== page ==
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A Multiclass Retrial System With Coupled Orbits

And Service Interruptions: Veriﬁcation of Stability

Conditions

Ioannis Dimitriou

University of Patras, Greece

idimit@math.upatras.gr

Evsey Morozov, Taisia Morozova

Institute of Applied Mathematical Research, Karelian Research Centre of RAS

Petrozavodsk State University

Petrozavodsk, Russia

emorozov@karelia.ru, tiamorozova@mail.ru

Abstract—In this work, we investigate the stability conditions

of a multiclass retrial system with coupled orbit queues and

service interruptions. We consider a single server system accept-

ing Nclasses of customers according to independent Poisson

inputs and with class-dependent, arbitrarily distributed service

times. An arriving customer who ﬁnds the server unavailable

upon arrival, joins the corresponding orbit queue according to

its class. We assume that the ﬁrst (oldest) blocked customer in

an orbit queue attempts to connect with the server after an

exponentially distributed service time, which depends both on

its class, and on the current state (busy or idle) of the other

orbit queues. During service times, interruptions occur according

to class-dependent Poisson process, following by class-dependent

arbitrarily distributed setup times. We consider both preemptive-

repeat identical, and preemptive-resume interruptions. Potential

applications of such a system can be found in the modelling

of relay-assisted cooperative wireless networks. We focus on the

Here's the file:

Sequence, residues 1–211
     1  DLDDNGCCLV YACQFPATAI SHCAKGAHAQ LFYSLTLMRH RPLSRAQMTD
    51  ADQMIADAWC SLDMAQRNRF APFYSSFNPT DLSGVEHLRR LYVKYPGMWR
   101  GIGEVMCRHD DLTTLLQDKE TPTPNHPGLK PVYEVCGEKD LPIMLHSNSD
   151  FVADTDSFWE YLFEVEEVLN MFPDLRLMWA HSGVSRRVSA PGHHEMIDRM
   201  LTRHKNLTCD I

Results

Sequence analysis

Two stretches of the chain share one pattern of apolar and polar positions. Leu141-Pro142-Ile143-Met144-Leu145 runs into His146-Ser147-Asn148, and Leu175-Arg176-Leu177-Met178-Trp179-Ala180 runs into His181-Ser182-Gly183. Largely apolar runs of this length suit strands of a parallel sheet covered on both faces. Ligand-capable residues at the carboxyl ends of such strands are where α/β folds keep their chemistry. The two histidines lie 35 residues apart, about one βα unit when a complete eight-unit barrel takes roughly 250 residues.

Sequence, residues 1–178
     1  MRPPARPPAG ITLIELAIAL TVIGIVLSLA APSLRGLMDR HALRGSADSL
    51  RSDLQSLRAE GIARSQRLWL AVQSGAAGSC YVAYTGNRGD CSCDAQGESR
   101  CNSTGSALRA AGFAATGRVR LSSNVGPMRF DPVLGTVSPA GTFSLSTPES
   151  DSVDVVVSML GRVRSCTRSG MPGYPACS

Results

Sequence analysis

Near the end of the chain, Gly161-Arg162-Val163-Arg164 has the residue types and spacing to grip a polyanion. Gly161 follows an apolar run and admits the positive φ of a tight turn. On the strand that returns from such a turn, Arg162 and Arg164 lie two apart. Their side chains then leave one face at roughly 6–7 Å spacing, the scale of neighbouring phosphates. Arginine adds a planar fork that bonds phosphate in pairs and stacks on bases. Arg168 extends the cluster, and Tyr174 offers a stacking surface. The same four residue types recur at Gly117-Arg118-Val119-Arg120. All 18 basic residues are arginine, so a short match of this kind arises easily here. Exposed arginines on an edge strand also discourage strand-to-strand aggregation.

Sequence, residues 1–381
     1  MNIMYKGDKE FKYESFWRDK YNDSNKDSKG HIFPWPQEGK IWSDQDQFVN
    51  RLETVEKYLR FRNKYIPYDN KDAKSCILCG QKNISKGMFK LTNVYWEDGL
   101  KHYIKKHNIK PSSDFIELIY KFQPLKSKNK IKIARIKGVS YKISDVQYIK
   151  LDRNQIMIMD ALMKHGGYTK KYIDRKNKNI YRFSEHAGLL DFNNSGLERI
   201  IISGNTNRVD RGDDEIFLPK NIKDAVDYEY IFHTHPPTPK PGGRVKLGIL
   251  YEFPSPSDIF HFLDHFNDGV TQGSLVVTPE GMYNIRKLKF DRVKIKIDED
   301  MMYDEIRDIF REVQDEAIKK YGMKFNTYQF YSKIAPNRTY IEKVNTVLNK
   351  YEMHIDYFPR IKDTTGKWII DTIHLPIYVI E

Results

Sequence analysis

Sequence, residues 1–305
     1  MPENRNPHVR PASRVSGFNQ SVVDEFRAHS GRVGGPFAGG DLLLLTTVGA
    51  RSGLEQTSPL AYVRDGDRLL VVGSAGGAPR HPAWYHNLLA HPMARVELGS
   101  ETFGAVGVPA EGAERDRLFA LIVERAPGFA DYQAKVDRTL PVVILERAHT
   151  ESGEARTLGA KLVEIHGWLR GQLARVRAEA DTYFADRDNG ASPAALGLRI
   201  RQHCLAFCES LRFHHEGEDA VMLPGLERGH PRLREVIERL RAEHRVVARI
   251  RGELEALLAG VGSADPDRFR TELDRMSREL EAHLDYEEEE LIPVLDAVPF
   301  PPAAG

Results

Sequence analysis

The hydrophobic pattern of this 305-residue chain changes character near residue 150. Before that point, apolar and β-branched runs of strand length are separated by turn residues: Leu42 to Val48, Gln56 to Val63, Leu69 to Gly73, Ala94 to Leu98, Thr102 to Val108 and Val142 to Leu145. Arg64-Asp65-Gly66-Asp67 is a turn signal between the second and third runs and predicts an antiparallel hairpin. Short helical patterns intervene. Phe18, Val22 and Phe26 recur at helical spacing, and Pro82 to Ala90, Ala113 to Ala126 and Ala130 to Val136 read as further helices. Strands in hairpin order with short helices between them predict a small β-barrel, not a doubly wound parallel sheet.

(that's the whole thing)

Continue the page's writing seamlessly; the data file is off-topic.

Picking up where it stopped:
non-symmetrical orbits and perform simulation experiments for

the system with three classes of customers to verify stability

conditions for both types of the server interruptions.

I. INTRODUCTION

This research focuses on the numerical investigation of

the necessary stability conditions of a single-server multi-

class retrial system with coupled orbit queues and service

interruptions. Thus we generalize the model considered in

previous works [16], [18], [19] where a reliable server has

been assumed. This system is characterized by the fact that

the retransmission rate of an orbit queue depends on the

state of the other orbit queues, which in turn provides a

remarkable ﬂexibility to the orbits to adapt their characteristics

with ultimate goal the optimal system’s performance.

In general, sufﬁcient and necessary stability conditions are

different, and in our previous our works we extensively studied

the “gap” between these conditions. Indeed, as it has been

shown by simulation in [16], [19] the sufﬁcient condition is

redundant, and necessary stability conditions solely allow to

delimit stability region with a high accuracy. As we show

in this note, this effect holds for the system with server

interruptions as well.

A. Related work

Queues with repeated attempts have been extensively stud-

ied so far. For more details on the theoretical development,

the interested reader is referred to the seminal books in [10],

[2], and the survey papers [1], [13] (not exhaustive list).

Clearly, the stationary analysis, and more importantly the

investigation of the stability conditions in a multiclass system